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Infected blood scandal: Inquiry into NHS disaster to publish findings

The public inquiry into the infected blood scandal, known as the biggest treatment disaster in NHS history, is due to publish its findings.

More than 30,000 people were infected with HIV and hepatitis C from 1970 to 1991 by contaminated blood products and transfusions. About 3,000 of them have since died – many haemophiliacs given infected blood products as part of their treatment. Prime Minister Rishi Sunak is expected to issue an apology on Monday.

Chairman Sir Brian Langstaff will deliver his findings after the Infected Blood Inquiry took evidence between 2019 and 2023.Two main groups of people were caught up in the scandal. One was people with haemophilia, and those with similar disorders, who have a rare genetic condition which means their blood does not clot properly.

In the 1970s, a new treatment was developed to replace the missing clotting agents, made from donated human blood plasma.

But whole batches of the treatments – Factor VIII and Factor IX – were contaminated with deadly viruses. Some of the treatments were imported from the US where blood was bought from high-risk donors such as prison inmates and drug-users. The second group affected include people who had a blood transfusion after childbirth, accidents and during medical treatment.

Blood used for these patients was not imported, but some of it was also contaminated, mainly with hepatitis C. Ros Cooper, who was infected with hepatitis C after treatment for a bleeding disorder as a child, told BBC Radio 4’s Today programme that “words don’t mean a lot”.

“To a lot of people who’ve lost loved ones, what are words going to do? It’s not going to bring back the dead, it’s not going to wash away crimes that have been committed,” she said.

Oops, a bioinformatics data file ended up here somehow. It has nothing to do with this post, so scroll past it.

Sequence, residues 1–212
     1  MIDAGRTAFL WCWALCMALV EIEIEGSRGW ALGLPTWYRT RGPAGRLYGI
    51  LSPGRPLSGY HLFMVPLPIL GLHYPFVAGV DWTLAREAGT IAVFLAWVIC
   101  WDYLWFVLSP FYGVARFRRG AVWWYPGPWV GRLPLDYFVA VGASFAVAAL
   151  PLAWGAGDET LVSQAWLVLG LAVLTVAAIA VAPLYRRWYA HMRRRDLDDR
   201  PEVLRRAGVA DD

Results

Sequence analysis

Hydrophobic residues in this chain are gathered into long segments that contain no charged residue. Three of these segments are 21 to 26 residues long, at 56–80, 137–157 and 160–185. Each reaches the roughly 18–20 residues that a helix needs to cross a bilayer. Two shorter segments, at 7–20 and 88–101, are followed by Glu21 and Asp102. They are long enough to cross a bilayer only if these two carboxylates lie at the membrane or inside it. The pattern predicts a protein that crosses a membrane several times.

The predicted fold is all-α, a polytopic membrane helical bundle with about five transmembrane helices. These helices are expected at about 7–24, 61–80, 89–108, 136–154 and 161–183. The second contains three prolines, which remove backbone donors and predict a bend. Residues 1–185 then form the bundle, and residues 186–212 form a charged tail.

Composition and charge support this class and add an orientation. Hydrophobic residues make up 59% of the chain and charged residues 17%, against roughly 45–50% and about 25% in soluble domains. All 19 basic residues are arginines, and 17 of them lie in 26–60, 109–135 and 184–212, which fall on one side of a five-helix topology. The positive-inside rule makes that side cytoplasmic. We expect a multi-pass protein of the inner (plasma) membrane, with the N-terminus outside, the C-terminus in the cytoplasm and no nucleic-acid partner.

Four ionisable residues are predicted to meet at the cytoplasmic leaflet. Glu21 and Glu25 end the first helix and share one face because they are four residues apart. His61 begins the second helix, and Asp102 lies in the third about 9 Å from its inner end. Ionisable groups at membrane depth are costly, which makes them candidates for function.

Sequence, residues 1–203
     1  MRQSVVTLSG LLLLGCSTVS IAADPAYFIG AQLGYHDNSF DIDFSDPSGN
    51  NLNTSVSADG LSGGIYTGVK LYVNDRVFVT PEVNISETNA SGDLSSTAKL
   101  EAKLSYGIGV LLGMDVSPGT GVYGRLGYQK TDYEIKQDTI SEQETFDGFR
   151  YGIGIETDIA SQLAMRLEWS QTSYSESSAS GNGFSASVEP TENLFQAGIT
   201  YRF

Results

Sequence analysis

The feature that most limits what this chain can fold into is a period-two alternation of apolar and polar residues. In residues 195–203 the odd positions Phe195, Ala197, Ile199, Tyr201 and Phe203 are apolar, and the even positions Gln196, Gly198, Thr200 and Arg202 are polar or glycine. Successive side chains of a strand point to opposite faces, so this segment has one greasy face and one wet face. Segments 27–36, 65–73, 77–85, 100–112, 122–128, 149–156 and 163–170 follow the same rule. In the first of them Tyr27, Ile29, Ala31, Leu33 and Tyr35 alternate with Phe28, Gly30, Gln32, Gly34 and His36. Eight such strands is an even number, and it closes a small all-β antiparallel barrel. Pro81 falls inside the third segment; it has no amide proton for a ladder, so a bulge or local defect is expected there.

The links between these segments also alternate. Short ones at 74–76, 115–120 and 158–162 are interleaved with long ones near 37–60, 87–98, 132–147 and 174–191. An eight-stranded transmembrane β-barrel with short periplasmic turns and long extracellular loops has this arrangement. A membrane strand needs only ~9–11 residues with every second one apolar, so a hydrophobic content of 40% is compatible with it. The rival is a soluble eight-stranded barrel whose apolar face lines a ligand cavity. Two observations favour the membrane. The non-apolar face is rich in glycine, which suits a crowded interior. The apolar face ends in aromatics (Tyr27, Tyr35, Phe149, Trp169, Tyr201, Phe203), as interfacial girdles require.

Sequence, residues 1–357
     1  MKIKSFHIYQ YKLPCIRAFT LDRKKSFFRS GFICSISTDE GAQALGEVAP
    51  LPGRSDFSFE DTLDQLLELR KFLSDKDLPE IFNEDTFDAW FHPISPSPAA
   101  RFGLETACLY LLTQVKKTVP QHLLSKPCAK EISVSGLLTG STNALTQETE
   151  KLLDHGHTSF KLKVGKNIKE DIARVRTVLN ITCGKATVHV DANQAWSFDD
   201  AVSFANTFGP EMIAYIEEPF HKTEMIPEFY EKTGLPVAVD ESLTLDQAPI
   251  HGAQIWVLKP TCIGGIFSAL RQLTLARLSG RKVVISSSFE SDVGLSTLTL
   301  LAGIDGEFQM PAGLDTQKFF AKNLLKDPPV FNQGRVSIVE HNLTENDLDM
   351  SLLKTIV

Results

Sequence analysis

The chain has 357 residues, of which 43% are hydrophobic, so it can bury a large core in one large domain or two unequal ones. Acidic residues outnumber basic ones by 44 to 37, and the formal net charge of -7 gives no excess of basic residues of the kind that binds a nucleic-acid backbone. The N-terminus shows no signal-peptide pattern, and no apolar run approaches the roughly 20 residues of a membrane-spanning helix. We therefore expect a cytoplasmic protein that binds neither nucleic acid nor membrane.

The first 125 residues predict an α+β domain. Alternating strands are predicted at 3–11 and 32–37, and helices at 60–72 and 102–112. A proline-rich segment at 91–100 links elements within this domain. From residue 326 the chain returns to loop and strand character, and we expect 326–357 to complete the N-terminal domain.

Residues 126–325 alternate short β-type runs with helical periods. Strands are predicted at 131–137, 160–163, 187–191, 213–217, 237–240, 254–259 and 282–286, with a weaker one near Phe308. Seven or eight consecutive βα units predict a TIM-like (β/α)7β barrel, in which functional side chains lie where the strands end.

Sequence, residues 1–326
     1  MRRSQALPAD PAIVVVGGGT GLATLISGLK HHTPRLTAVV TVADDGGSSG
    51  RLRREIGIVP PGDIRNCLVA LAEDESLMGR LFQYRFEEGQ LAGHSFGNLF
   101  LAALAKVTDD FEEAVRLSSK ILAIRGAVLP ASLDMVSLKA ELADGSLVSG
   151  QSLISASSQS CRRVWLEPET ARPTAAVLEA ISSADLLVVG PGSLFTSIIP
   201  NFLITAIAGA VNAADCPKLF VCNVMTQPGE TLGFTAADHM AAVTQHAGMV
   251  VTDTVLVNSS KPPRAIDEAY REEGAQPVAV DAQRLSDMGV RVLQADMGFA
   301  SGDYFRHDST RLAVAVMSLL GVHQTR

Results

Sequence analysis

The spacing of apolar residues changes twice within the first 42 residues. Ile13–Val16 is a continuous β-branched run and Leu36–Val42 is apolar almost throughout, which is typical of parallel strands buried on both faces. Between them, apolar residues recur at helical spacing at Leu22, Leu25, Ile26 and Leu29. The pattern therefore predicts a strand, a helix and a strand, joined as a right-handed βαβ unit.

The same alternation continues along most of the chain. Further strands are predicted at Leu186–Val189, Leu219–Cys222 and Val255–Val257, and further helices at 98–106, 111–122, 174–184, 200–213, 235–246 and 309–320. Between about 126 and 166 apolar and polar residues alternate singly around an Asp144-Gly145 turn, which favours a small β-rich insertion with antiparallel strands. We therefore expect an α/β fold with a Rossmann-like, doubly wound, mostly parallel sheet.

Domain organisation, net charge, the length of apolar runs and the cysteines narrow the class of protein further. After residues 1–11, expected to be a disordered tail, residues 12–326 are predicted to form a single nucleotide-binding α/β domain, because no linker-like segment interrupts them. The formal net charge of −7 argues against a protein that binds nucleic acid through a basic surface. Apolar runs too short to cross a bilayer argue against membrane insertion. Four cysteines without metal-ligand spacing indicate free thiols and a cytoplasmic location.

“Lives were effectively ruined because of those decisions. Any kind of apology, to be worth anything to the victims, needs to come from somebody who truly understands that.”Sir Brian’s two interim reports, published in July 2022 and April 2023, made recommendations about compensation for victims and their families.

The government has said it accepts the “moral case” for compensation, and interim payouts of £100,000 each have already been made to about 4,000 survivors and bereaved partners.

Ministers have promised to address the issue of final compensation once the inquiry’s report is published. The total cost is likely to run into billions.

On Sunday, the Conservatives and Labour both committed to compensation for victims, no matter the outcome of the general election expected later this year.

Shadow health secretary Wes Streeting told Laura Kuenssberg there was a “rare moment of consensus”, as Defence Secretary Grant Shapps agreed families had been let down “over decades.

Source: BBC

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